With the eighth annual UK Black Pride festival taking place on 29 June 2013, Director for Public Affairs, Pav Akhtar, reflects on how the equality deficit in the realm of public debate can be addressed through Pride events that confront bigotry with irrepressible compassion and legislation…
It is 12 years since the Netherlands first legalised gay marriage. The passage of similar legislation in Britain and France has reignited deep vitriol and homophobic sentiments in the public arena. The tone of the debate now is reminiscent of the late 1980s when the Conservative Party leader, Margaret Thatcher, introduced the deeply damaging and homophobic Section 28 legislation. This pernicious policy prevented schools from teaching youngsters that homosexual relationships could lead to people forming an ‘acceptable…family’. It led to a generational ignorance about the value of same sex love and relationships, all the while undermining many LGBT peoples’ self-esteem in relation to crystallising their personal identities with confidence.
With the hard work of grass-roots equality campaigners and progressive movements like the trade unions, attitudes and practices have evolved since those wretched days. Public opinion is increasingly cognisant and sensitised to the plurality of human love. Opinion polls increasingly show larger sections of the populous supporting the right of people to self-determine the nature and substance of their personal relations, from civil partnerships to marriage, and LGBT people have developed an increased visibility, voice and self confidence in asserting that their human rights cannot be traded like market goods.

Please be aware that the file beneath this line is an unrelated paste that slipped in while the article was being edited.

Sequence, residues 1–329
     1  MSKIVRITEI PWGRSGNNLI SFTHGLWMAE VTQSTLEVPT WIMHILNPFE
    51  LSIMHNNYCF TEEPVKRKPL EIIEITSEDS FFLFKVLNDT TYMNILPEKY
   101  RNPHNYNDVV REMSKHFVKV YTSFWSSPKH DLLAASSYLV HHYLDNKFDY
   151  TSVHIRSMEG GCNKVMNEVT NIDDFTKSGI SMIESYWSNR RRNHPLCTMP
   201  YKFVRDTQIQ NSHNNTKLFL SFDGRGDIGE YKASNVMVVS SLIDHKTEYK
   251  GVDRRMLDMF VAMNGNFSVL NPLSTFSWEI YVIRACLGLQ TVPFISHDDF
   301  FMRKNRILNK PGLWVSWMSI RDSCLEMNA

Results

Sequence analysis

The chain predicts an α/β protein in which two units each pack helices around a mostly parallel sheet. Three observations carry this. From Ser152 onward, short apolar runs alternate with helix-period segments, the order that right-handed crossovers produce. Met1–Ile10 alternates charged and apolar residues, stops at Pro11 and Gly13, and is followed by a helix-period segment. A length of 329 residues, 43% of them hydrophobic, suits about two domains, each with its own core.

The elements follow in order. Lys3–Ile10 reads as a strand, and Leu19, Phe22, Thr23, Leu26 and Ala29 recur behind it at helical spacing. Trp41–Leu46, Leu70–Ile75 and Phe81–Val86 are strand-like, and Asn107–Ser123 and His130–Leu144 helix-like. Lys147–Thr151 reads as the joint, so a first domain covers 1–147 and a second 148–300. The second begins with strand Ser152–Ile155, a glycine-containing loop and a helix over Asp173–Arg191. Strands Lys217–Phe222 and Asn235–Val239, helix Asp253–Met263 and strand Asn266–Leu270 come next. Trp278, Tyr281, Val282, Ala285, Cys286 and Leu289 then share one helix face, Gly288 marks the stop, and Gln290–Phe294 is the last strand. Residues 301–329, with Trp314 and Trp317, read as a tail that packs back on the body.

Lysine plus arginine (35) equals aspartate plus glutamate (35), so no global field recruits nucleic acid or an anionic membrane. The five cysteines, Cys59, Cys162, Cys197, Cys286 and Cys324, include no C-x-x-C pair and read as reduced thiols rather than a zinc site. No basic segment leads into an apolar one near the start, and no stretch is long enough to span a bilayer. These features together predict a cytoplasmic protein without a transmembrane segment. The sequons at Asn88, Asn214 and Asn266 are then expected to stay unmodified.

Despite this progress the challenge of securing a world in which everyone can love without borders continues to be characterised by a spike in pro- and anti- LGBT equality actions. Of course, homo-, bi- and transphobia exist everywhere and will almost certainly, though regrettably, continue to do so. What campaigners and communities have learned from struggles against racism and gender inequality – which can be viewed as holding greater political and public support as irreversible human rights issues – is that they still fail to curb life-destroying discrimination when strong legislation is not in place, when policy is not effectively implemented, and when education is not reinforced.
In his seminal essay, The Education of a British-Protected Child, the Nigerian author and academic, Chinua Achebe writes that to answer oppression with appropriate resistance requires knowledge of two types: in the first place, self-knowledge by the victim, which is to say that one must be aware that oppression exists, and secondly that the victim must know who the enemy is – the oppressor’s real name. Not an alias, pseudonym, or nom de plume. Therefore, it is useful to distinguish some of the causes of homophobic bigotry. Some of it is certainly based on a lack of knowledge and ignorance; some of it is based on fear, however irrational; but other currents of homophobia are squarely rooted in hatred of LGBT people and our right to be ourselves.
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